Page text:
“Apostle to the Apostles,” Contemplative, Penitent
St. Mary Magdalene
There are many questions about the person of St. Mary Magdalene. Is she the unnamed woman who washes Jesus’ feet in Luke chapter 7? Is she the woman who anoints Jesus’ feet before His crucifixion? Is she the same Mary who is the sister to Lazarus and Martha? Throughout the centuries, many theologians have held the belief that the woman in all three accounts is indeed St. Mary Magdalene.
It is believed that she is called Mary Magdalene, or more directly translated, Mary the Magdalene since she is identified with the town of Magdala. An ancient tradition holds that she was from a wealthy family in Bethany but at a certain point in life went to live in Magdala, which had a high number of pagans living there. Here it is believed that she was led away from her faithful upbringing and seduced by worldly pleasures. It is said that she fell so far that she became known by the Jews as a public sinner, the notorious Magdalene.
She converted while listening to Jesus speak in a crowd. Her sins fell from her, as if they were a former life, as she heard His message of mercy and hope which pierced her heart. From that moment on, when she heard Jesus and he cast demons out of her, St. Mary Magdalene followed closely by her Lord, hanging onto His every word. She joined the group of Apostles who followed Jesus and even helped to support them monetarily.
She was known to contemplate everything Jesus said, which is why there is a strong belief that she is in fact Mary, the sister of Martha, who has chosen the better part of sitting at Jesus’ feet and listening to His every word when He comes to visit their family.
“I have seen the Lord.”
St. Mary Magdalene was present with the Blessed Virgin Mary at the foot of the Cross and then went three days later on the morning of Easter Sunday to anoint the body with oil when she discovered the empty tomb. Jesus choose to appear to her before any of the other apostles and He gave her the important mission to proclaim the truth of His resurrection for the very first time in history.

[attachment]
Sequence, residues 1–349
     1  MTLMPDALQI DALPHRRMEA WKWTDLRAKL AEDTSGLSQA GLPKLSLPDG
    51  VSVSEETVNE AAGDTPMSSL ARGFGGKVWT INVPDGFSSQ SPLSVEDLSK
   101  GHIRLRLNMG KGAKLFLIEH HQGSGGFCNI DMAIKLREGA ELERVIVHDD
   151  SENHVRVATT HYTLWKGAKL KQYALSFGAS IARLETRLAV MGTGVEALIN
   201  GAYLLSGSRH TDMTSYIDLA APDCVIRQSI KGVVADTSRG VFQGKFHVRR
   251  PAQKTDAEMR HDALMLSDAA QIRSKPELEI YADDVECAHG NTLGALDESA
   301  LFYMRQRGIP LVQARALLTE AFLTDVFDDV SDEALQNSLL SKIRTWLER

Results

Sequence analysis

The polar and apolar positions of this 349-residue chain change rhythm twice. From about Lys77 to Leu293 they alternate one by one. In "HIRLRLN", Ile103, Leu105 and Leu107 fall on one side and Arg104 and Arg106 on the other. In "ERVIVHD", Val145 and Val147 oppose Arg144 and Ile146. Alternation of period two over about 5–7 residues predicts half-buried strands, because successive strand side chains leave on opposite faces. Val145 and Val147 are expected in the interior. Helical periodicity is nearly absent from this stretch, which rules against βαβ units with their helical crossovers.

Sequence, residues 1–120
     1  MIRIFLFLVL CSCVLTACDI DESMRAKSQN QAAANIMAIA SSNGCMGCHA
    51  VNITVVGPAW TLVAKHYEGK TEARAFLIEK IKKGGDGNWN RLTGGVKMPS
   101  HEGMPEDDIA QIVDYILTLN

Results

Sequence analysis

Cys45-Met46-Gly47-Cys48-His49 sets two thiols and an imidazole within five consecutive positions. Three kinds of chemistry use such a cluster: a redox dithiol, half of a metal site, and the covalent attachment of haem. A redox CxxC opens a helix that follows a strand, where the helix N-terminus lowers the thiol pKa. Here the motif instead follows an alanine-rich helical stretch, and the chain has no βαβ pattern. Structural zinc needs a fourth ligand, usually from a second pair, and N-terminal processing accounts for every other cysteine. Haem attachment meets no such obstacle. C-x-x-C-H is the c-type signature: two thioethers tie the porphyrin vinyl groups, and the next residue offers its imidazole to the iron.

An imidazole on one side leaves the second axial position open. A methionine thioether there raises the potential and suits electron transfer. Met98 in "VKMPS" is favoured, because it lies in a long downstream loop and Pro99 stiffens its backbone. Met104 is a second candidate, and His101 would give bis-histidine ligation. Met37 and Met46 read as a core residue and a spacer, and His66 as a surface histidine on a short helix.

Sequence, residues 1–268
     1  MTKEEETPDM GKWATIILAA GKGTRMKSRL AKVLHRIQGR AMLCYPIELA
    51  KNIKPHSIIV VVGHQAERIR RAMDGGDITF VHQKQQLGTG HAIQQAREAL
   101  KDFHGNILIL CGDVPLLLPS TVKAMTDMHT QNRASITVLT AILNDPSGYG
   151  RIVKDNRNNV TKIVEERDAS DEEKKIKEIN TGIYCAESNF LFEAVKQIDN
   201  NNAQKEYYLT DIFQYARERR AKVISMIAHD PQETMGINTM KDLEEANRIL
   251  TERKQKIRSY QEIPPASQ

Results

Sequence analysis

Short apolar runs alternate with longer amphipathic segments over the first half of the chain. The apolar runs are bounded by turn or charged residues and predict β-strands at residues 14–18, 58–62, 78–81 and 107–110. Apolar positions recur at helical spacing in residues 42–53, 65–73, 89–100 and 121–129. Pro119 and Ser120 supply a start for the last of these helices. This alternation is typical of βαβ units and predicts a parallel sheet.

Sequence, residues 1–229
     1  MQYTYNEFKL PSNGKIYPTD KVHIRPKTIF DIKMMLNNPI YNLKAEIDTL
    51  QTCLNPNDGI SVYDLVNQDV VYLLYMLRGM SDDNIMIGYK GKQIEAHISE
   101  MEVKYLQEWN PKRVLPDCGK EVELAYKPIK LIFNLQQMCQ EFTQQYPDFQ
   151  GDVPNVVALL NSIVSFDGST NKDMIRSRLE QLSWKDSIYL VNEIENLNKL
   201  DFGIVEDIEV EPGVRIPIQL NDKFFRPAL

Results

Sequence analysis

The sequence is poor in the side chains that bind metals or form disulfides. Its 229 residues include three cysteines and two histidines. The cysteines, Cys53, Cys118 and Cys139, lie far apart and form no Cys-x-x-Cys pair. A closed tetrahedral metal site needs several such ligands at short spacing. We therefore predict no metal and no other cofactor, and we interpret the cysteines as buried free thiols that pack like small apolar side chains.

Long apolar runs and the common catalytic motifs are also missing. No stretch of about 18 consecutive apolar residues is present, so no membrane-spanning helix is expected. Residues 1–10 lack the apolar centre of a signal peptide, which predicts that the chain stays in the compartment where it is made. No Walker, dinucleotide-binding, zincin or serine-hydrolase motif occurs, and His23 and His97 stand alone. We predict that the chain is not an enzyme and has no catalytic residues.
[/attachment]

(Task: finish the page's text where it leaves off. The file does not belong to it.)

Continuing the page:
Around the year 41 A. D she was exiled from Jerusalem with a group of Christians to France. She lived out the rest of her days in contemplation of the Lord in a grotto halfway up the mountain of La Sainte Baume. Local tradition states that she eventually ate nothing but the Holy Eucharist and died in a eucharistic ecstasy after receiving Communion for the last time.
There are very few books written about Mary Magdalene, especially in English since she is buried in France. However, the best book to read about her life is entitled, Saint Mary Magdalene: Prophetess of Eucharistic Love by Father Sean Davidson. This book is distributed by the order of priests who keep her Basilica in which she is buried and have been tasked to do so for hundreds of years, so there is much thought, research, and prayer that has gone into the telling of her story.
Feast Day: July 22nd
Source: Fr. Sean Davidson. Saint Mary Magdalene: Prophetess of Eucharistic Love. San Francisco. Ignatius Press. 2017